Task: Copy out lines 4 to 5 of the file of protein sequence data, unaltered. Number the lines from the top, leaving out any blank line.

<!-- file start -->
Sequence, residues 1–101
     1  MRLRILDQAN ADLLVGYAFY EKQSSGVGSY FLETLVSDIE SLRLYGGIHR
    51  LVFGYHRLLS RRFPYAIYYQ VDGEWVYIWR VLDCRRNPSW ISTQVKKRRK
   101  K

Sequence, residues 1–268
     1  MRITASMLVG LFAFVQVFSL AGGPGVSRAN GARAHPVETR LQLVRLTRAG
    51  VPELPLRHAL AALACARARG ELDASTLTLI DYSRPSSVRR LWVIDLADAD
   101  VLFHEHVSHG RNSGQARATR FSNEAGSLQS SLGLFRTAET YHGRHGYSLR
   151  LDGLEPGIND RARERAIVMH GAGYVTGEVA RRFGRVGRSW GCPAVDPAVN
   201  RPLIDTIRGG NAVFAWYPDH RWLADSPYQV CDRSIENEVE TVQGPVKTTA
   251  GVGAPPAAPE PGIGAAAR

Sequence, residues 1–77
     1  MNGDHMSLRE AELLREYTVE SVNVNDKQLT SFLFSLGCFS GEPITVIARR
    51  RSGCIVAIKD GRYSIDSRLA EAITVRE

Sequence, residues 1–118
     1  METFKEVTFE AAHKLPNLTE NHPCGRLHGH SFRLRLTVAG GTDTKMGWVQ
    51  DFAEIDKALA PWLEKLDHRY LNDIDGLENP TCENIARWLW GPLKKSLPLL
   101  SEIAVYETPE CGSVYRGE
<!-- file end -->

   101  K

Sequence, residues 1–268